The issue with this was that everyone was a stereotype of some overused fantasy trope. Cleo is a spoiled princess, Lucia is the one with the ~magic~, Magnus is the dark amoral one (yes, he was the only one I liked), and Jonas was the "barbarian" rebel. They never became more than their stereotypes. They were never anything more than their first impressions as characters. There was really no growth. They were beaten around by the plot (especially Cleo, good grief nearly every death happened to someone around her), but they never grew from it.
The political schema was a mess. The idea was there but the execution was not. I'm expected to believe an entire kingdom was totally cool with the idea of growing nothing but grapes? Like, no one in the whole kingdom thought that was a shady idea? They were all good with it? Like, the steps were all there to make it reasonable as to how that kingdom became impoverished and desperate, but the steps were also wildly implausible.
I thought it was odd that every single one of the adults is shown in a terrible light. Even Cleo's father who—I think—you're supposed to like is shown as being pretty harsh and callous. Like, if you're expecting me to only root for the teenagers maybe they should be a tad less annoying. I liked Magnus, the attempt at the amoral character was a good one. The whole plot with him being in love with his sister was all very Game of Thrones, but that was all he was? He was just that dude in love with his sister. There was nothing more to him than that. Jonas and Cleo drove me crazy. All Jonas was was his need for vengeance to a point where I just kept saying 'Ok, calm down, dude, people think about other things sometimes...' I'm not sure what my issue with Cleo was, I just didn't mesh with her well (which happens).
The magic was all... just I'd seen it all before and I wasn't interested in any of it. I'm trying to not complain about elemental magic system bases when I see them, but good grief people can't we do something else? I wouldn't even mind a return to the Tamora Pierce barely explained magic system because it gives a better range of magic. Elemental magic just sets you up to be compared to Avatar: The Last Airbender and, let's be real here, no one is going to beat Avatar.
I'm trying to look at this book from the point of view of someone who doesn't read a lot of high fantasy and I can see where it would be interesting with the multiple characters. Rhodes likes to use blood super gratuitously (like... in places it doesn't even make sense) and you know I kind of liked that.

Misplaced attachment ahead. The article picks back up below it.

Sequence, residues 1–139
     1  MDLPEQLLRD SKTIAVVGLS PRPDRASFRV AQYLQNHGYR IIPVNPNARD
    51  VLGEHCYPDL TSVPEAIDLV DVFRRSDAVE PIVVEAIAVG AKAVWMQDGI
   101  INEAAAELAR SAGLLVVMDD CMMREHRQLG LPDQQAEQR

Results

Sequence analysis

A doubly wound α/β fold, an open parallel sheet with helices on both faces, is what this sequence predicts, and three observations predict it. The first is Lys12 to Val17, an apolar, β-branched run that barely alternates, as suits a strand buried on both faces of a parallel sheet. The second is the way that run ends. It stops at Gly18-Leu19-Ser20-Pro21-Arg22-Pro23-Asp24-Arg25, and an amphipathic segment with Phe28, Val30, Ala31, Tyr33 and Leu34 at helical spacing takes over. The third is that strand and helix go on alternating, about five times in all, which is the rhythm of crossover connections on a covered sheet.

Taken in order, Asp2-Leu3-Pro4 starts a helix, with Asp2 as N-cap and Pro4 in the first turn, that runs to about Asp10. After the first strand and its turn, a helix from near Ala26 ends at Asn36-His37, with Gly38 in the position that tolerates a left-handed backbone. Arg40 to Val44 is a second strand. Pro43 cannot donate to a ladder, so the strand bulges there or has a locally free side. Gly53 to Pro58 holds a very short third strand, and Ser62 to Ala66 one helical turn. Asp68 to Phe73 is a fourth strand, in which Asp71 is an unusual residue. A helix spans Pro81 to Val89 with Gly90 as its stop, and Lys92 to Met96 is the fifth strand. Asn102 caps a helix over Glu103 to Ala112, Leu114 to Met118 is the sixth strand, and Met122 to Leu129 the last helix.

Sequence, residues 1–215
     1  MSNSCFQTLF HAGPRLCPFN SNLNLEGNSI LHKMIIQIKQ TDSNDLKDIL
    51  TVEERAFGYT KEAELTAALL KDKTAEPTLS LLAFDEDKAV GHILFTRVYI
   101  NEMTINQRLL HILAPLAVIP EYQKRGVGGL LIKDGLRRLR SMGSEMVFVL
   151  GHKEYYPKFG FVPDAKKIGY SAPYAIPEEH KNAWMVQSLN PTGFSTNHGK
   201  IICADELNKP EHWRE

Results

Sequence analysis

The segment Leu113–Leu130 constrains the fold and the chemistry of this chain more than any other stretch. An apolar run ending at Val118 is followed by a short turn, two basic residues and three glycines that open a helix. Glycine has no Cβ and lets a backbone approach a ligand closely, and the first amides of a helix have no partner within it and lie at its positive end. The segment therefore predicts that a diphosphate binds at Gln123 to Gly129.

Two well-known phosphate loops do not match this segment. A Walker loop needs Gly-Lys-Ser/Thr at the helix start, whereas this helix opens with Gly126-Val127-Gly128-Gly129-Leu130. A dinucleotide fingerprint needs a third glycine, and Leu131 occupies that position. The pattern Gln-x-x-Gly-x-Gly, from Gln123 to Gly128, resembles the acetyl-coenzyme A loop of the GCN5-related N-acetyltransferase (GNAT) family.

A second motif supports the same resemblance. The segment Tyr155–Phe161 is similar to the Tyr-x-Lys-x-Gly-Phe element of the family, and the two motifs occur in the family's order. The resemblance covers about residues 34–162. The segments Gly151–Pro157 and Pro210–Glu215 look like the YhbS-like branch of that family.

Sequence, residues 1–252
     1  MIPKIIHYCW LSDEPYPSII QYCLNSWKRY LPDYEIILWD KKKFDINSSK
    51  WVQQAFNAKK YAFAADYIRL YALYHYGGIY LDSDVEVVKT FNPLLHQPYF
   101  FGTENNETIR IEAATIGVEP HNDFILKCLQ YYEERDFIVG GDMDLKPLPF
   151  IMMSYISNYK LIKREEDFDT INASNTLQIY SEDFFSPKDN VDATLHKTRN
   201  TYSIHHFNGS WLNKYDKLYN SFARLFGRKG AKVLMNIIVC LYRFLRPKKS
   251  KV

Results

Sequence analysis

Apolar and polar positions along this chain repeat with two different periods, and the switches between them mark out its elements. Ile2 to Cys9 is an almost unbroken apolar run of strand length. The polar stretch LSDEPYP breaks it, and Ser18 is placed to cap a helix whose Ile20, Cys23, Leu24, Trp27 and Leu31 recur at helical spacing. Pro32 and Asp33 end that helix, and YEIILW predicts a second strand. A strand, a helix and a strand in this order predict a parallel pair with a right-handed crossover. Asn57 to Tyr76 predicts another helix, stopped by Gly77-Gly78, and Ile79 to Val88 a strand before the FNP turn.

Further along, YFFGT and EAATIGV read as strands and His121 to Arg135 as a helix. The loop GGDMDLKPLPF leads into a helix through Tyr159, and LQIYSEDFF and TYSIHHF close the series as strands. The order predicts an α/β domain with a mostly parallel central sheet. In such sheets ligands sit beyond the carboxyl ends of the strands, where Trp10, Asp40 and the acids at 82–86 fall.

However, the characters are flat, the dialogue is stilted (it was so uncomfortable, I was rewriting it in my head as I was reading and that's always a bad sign), and it's all relatively generic. It's all a lot of things I've seen done better than this.
I probably won't pick up the next book in the series because it just wasn't bad enough to warrant it. I was just bored. An unfortunate thing, alas.
Ultimately, there are better YA High Fantasy novels out there. ( )
  glitzandshadows | Oct 12, 2015 |
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Book description
In a land where magic has been forgotten but peace has reigned for centuries, a deadly unrest is simmering. Three kingdoms grapple for power—brutally transforming their subjects’ lives in the process. Amidst betrayals, bargains, and battles, four young people find their fates forever intertwined:

Cleo: A princess raised in luxury must embark on a rough and treacherous journey into enemy territory in search of a magic long thought extinct.

Jonas: Enraged at injustice, a rebel lashes out against the forces of oppression that have kept his country impoverished—and finds himself the leader of a people’s revolution centuries in the making.

Lucia: A girl adopted at birth into a royal family discovers the truth about her past—and the supernatural legacy she is destined to wield.

Magnus: Bred for aggression and trained to conquer, a firstborn son begins to realize that the heart can be more lethal than the sword...

The only outcome that’s certain is that kingdoms will fall. Who will emerge triumphant when all they know has collapsed?
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Penguin Australia

An edition of this book was published by Penguin Australia.